After the Prophet Muhammad died in 632 CE there was a disagreement as to who should be in charge of the Islamic state. Most believed it ought to be Abu Bakr,Muhammad’s closest friend. Indeed, this was the case, and Abu Bakr became the first caliph of the “Rashidun,” or the ‘rightly-guided.’  However, a minority believed that the successor must be a blood-relative of the Prophet, and that the only true leader was the fourth caliph Ali ibn Abi Talib, cousin and son-in-law of Muhammad. This created the first division in Islam, and gave rise to the sects of Sunni and Shi’a Muslims. The town Al-Najaf is an extremely sacred place for Shi’a Muslims as it is the burial place of Ali ibn Abi Talib. According to Ross Dunn, “For Twelver Shi’a, the largest of the Shi’i sects in Islam, it is the center of the holy pilgrimage, second only to Mecca” [1]. Such importance is attributed to the site, that the mosque in Al-Najaf is said to encompass the tombs of the Biblical Adam and Noah from thousands of years before.

Ibn Battuta visited Al-Najaf for only a brief time because he was a Sunni. While the town and the Mosque of Ali is important to all Muslims, its importance is not as strong for a Sunni like Ibn Battuta as for a Shi’a Muslim. Ibn Battuta was accepting of Shi’a Muslims. In fact, he quite often would use terms to degrade them in some way, often calling them “Rafidis” [2]. While in Al-Najaf, Ibn Battuta learned of a Shi’a ritual called the “Night of Life”. Any handicapped person in town would be brought to the mosque on a special night. After uttering prayers and bathing in rose and holy water, it is said that the person would be cured of the handicap. The ritual was foreign to Ibn Battuta, but to the Shi’ites of that region, this night was extremely important.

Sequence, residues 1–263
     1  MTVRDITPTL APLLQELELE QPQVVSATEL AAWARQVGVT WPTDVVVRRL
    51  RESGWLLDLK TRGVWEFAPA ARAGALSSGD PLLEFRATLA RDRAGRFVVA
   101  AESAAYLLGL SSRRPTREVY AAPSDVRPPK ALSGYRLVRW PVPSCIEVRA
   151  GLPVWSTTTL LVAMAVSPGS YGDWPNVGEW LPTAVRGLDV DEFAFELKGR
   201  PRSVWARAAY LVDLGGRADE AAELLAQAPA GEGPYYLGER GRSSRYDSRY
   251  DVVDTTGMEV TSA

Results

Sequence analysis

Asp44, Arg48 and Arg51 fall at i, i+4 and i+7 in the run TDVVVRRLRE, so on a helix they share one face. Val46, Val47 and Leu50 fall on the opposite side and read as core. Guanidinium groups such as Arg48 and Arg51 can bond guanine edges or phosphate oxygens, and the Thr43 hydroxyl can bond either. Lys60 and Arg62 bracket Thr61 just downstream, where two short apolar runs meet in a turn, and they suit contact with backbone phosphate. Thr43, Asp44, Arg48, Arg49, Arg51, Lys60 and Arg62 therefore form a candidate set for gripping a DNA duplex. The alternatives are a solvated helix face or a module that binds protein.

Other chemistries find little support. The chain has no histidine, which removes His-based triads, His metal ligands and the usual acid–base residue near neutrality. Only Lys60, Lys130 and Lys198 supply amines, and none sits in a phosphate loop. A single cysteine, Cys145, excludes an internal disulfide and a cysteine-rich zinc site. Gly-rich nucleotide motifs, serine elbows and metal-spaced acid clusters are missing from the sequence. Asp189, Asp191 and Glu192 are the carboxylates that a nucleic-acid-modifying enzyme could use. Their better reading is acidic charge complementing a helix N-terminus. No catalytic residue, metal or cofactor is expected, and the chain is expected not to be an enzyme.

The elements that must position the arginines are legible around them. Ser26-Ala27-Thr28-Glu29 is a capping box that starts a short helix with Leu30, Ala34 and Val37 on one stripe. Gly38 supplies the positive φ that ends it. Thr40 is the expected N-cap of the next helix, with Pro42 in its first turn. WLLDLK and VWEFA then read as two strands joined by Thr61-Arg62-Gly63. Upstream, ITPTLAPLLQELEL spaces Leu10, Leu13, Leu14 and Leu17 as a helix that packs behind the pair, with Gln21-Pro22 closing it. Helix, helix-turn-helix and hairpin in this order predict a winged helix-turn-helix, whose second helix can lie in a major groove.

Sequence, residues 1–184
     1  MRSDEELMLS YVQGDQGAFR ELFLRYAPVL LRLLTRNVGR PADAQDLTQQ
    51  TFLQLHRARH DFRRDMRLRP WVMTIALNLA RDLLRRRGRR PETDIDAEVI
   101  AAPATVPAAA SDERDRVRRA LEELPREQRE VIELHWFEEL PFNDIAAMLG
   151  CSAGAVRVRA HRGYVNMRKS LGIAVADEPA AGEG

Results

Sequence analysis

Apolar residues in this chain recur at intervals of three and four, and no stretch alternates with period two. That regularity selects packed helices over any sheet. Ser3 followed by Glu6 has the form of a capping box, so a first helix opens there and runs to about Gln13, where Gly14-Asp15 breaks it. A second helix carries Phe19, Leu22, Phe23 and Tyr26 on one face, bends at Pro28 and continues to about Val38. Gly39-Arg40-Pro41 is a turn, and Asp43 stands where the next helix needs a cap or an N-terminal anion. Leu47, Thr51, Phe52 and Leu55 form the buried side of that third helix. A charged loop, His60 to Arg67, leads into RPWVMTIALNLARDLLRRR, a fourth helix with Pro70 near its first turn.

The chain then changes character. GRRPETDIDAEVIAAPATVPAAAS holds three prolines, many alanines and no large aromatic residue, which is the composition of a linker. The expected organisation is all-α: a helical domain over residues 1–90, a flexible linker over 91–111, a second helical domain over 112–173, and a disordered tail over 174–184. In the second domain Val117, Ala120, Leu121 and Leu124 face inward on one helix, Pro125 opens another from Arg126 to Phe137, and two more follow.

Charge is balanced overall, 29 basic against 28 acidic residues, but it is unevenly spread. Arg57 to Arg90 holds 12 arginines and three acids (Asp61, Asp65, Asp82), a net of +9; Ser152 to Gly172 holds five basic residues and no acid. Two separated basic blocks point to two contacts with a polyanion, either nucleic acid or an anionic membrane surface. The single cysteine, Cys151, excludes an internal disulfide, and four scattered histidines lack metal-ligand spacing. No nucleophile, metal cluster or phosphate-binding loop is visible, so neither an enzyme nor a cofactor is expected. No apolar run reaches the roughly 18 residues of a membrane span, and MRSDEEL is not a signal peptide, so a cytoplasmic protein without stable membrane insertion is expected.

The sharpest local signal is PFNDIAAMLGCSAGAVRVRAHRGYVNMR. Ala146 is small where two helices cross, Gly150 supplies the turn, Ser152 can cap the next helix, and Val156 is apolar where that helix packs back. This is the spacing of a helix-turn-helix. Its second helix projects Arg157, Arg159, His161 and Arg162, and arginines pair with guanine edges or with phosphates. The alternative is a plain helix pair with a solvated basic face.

Al-Najaf is located in modern day Iraq, south of Baghdad and Karbala. The majority of Muslims in Iraq today are Shi’a. Najaf is still home to the mosque of Ali, which receives thousands of visitors a year. Though Iraq has been troubled by war since 2003, many Shi’a Muslims continue to visit the Shrine of Ali.



[1] Dunn, Ross. The Adventures of Ibn Battuta. Los Angeles: University of California Press, 2005.

[2]Macintosh-Smith, Tim. The Travels of Ibn Battutah. London: Picador, 2003.